heading in a cartesian coordinate system question
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Thread: heading in a cartesian coordinate system question

  1. #1
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    heading in a cartesian coordinate system question

    Hello,

    I have 2 points in a cartesian coordinate system, where the first point is always (0,0). Given the second point and a heading in degrees, how would I write an algorithm to determine if the 2nd point is traveling in the general direction of (0,0) ?

    For example:

    Point a (0,0)
    Point b (10,0)
    Point b heading = 270 degrees

    This would be true this 270 degrees points right and point b is 10 units right of point a. I would probably also want this is be fuzzy somewhat, in that anything from say + or - 30 degrees would also be true, or something like this.

    Does there exist any known algorithms, implemented in C++, to help me with this problem?

    Thanks!
    Alex

  2. #2
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    Re: heading in a cartesian coordinate system question

    Quote Originally Posted by aseminov View Post
    For example:

    Point a (0,0)
    Point b (10,0)
    Point b heading = 270 degrees

    This would be true this 270 degrees points right and point b is 10 units right of point a.
    I don't quite get your definition of heading. With a heading of 270 degrees point b is headed straight south isn't it? It means it must be somewhere on the positive y-axis to be going towards a, like at (0,10) or something.

    The problem itself is basic trigonometry: Determine the heading of the vector starting at b ending at a. That's the heading b must have to end up at a (travelling along a straight line).
    Last edited by nuzzle; April 16th, 2012 at 06:03 AM.

  3. #3
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    Re: heading in a cartesian coordinate system question

    I don't quite get your definition of heading. With a heading of 270 degrees point b is headed straight south isn't it? It means it must be somewhere on the positive y-axis to be going towards a, like at (0,10) or something.
    If xX is horizontal and Y is vertical, then 10, 0 is 10 units to the right of 0,0 alnong the X axis. A 270 degree heading would be due West. And point straight to 0,0.

    The problem itself is basic trigonometry: Determine the heading of the vector starting at b ending at a. That's the heading b must have to end up at a (travelling along a straight line).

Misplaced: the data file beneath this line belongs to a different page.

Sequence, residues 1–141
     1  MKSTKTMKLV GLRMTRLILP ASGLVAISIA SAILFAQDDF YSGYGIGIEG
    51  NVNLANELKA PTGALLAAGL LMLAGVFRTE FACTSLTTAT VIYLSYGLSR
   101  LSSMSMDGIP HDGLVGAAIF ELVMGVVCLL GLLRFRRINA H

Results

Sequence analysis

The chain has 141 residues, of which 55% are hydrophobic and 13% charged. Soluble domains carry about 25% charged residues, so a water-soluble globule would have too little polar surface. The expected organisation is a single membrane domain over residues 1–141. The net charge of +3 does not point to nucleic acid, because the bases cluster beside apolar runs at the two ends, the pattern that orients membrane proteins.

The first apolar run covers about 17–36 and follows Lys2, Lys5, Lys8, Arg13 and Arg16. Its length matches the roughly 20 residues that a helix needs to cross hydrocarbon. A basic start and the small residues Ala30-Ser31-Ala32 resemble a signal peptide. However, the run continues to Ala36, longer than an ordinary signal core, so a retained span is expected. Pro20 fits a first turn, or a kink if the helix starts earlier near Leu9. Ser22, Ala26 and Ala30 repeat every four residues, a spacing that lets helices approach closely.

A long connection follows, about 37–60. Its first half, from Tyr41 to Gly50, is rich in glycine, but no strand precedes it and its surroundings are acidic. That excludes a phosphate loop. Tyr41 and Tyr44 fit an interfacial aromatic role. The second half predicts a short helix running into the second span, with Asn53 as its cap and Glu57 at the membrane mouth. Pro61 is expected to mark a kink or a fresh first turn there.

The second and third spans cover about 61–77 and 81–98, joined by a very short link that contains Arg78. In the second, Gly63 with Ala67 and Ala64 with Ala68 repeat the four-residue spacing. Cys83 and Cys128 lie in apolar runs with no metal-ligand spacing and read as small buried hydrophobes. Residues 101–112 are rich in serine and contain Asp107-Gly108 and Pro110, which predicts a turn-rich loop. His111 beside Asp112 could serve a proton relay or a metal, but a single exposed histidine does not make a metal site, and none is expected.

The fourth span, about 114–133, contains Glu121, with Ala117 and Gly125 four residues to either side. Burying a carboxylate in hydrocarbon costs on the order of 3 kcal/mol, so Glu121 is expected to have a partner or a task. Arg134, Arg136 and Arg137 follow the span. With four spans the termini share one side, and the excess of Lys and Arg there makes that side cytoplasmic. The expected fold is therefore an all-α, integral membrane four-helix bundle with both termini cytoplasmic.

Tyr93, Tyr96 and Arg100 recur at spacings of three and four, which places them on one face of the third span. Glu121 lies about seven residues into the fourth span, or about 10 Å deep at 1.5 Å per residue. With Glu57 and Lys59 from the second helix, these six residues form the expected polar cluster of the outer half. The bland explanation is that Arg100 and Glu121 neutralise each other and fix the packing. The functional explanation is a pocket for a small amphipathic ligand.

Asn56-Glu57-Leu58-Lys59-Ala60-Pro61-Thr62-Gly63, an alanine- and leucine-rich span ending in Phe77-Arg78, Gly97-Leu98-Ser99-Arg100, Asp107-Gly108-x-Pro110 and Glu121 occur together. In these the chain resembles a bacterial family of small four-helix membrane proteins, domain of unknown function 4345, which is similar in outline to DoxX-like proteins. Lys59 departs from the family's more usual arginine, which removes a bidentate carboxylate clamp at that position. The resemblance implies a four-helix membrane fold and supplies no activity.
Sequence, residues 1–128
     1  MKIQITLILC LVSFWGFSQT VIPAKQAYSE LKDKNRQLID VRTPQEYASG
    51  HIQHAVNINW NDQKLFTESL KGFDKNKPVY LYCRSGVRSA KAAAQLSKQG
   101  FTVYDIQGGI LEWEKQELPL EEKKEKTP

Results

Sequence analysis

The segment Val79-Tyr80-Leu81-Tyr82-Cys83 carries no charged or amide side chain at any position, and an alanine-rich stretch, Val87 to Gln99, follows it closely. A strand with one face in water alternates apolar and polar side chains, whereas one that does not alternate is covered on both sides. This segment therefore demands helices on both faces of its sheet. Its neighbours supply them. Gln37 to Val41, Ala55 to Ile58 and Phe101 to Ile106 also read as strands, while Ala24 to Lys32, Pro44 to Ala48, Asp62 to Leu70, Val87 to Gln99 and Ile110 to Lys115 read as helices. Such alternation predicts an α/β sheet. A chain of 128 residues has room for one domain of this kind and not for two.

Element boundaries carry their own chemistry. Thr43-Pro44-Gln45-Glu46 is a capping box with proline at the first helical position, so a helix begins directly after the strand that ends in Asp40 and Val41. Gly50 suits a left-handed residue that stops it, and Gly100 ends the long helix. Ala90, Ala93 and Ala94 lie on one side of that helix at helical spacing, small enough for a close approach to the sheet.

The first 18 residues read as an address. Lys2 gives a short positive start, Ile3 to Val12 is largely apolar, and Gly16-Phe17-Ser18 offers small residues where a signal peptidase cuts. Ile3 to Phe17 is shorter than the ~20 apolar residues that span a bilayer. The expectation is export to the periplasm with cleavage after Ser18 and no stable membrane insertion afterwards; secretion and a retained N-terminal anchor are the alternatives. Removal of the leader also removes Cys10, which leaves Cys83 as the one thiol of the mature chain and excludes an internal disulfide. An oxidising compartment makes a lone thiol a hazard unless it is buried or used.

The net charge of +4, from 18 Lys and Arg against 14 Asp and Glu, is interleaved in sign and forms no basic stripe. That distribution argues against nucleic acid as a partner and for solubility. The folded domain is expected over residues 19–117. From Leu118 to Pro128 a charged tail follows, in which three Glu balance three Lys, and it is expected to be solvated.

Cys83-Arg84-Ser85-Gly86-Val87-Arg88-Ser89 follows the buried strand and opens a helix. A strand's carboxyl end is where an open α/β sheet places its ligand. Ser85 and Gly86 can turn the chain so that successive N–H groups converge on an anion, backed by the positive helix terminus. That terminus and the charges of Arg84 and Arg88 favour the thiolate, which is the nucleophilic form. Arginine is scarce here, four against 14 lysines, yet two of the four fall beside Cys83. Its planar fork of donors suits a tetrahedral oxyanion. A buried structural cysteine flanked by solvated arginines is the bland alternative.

Absoulely!
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  4. #4
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    Re: heading in a cartesian coordinate system question

    Quote Originally Posted by mlgoff View Post
    If xX is horizontal and Y is vertical, then 10, 0 is 10 units to the right of 0,0 alnong the X axis. A 270 degree heading would be due West. And point straight to 0,0.
    No, 270 degrees would not be due west, 180 would.

    Making a 180 degree turn means going in the opposite direction. If you're starting at origo travelling eastward and then make a 180 degree turn you will be going westward back toward origo. 270 degrees would mean going south (as does also -90 degrees).
    Last edited by nuzzle; April 18th, 2012 at 01:45 AM.

  5. #5
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    Re: heading in a cartesian coordinate system question

    Understand that you are using a compass-style definition of headings, which differs from standard angular measurements used by most trig functions by direction (clockwise vs. counterclockwise) and by 90 degrees (or, pi/2 radians, since most trig functions use radians, not degrees).

    With that understanding, look at the atan2() function. To get the compass heading in degrees from point b to point a, use the following:
    Code:
    double compass_heading = 90.0 - 57.29578 * atan2( by-ay, bx-ax );
    if (compass_heading >= 360.0)
      compass_heading -= 360.;
    if (compass_heading < 0.0)
      compass_heading += 360.;
    In your case, where point a is at the origin, ay=ax=0, which simplifies the equation a bit.

    To determine if the actual heading is "close enough" to the compass heading, just test against limits:
    Code:
    double limit = 30.0;  /* in degrees */
    double actual_heading = /* whatever */;
    if ( fabs( actual_heading - compass_heading ) < limit
    {
      /* it's close enough
    }
    else
    {
      /* it's not close enough */
    }
    fabs() is the floating point absolute value function.

    Mike
    Last edited by MikeAThon; April 18th, 2012 at 04:59 PM.

  6. #6
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    Re: heading in a cartesian coordinate system question

    Quote Originally Posted by MikeAThon View Post
    Understand that you are using a compass-style definition of headings,
    The OP has started several threads on this topic and this best describes the actual problem I think,

    http://forums.codeguru.com/showthread.php?t=523000

  7. #7
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    Re: heading in a cartesian coordinate system question

    Thanks, nuzzle, you're right! That thread is much more complete than this one.

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